Looking at Dirt
5:24 am – January 31, 2017
One of my first serious land clients would say let’s go take “a look”. Taking a look at a piece of ground can mean a lot of things, but to this buyer it meant me trying to keep up with him as he walked each property line. This was not easy to do even though he was in his mid-sixties at the time. To many however, a typical tour takes the form of a windshield tour. This is the practice of driving everywhere you can drive without actually literally putting your feet on the ground or even cracking a window to see the land. I have showed and sold many tracts like this but I often believe this experience often has nothing to do with the dirt; it is the client’s due diligence process in measuring me and the information I’m providing about the farm. I think most of these land buyers return to the farm under their own power to see the ground and walk it alone.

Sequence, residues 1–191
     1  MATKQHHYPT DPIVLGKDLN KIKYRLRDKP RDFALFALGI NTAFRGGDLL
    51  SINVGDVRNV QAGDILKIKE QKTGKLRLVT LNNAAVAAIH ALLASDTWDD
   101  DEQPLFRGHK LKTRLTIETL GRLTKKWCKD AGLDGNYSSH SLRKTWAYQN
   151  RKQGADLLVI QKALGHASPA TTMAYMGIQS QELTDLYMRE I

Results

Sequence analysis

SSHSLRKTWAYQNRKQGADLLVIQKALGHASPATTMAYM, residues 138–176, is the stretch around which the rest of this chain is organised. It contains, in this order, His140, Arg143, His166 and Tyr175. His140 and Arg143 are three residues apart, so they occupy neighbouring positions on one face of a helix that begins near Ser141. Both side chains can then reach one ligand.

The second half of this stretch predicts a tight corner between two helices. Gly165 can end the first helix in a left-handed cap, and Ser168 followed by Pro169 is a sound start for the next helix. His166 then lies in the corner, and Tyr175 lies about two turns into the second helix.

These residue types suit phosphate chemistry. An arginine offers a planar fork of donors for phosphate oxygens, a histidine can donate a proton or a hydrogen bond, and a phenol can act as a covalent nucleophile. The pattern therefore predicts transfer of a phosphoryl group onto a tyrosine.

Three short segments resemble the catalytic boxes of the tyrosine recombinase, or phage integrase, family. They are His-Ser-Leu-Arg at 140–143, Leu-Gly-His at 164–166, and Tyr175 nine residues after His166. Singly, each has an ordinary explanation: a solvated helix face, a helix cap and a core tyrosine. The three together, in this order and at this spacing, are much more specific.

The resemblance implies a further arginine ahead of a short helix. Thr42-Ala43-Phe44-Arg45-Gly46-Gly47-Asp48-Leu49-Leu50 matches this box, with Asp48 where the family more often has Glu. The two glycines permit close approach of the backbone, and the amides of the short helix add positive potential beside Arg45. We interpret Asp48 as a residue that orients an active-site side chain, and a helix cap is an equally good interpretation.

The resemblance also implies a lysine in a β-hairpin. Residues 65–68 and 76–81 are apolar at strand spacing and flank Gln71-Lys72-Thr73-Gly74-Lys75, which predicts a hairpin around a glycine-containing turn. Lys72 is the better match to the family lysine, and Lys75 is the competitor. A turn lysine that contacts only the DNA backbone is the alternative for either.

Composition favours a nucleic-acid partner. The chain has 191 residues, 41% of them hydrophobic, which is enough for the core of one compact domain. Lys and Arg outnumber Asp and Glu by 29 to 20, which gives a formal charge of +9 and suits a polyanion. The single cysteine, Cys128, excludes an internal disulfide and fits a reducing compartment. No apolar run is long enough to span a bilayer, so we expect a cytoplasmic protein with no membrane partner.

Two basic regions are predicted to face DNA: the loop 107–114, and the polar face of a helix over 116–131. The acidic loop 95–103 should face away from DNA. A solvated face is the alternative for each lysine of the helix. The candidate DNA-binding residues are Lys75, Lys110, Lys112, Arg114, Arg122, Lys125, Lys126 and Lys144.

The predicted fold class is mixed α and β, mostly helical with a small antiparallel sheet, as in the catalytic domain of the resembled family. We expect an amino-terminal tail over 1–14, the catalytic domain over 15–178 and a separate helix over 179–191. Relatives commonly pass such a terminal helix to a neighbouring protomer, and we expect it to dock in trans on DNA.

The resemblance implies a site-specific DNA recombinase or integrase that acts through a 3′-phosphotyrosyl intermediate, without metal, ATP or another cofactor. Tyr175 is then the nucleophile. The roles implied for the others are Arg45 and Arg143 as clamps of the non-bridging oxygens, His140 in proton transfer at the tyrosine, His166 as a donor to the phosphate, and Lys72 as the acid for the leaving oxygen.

Frankly, I can’t agree more as I am simply of very little use walking and talking when a land buyer should be paying attention to the farm and not listening to me ramble on. I have come to believe the best thing I can do is shut up and let them see the tract of land in their own way, which will allow them to enjoy the tour far more.
There is a lot to learn about each piece of ground we represent and we work to learn what we can each time we preview a tract which occurs most often from the windshield tour. The subtle attributes of land however are often discovered when you are walking it or in a buggy zipping around fields identifying corners and just taking it in. Recently I purchased a Polaris Ranger for our land team. This machine is offering a lot of fun to our tours and also some “efficiencies”, at least that is how I justified it.
The Ranger will seat six so we can tour almost any sized group and better yet it gives us room for a cooler for our afternoon beverages. I expect a few of you will find your way into the front seat this year and I am looking forward to that opportunity. Be well. Onward!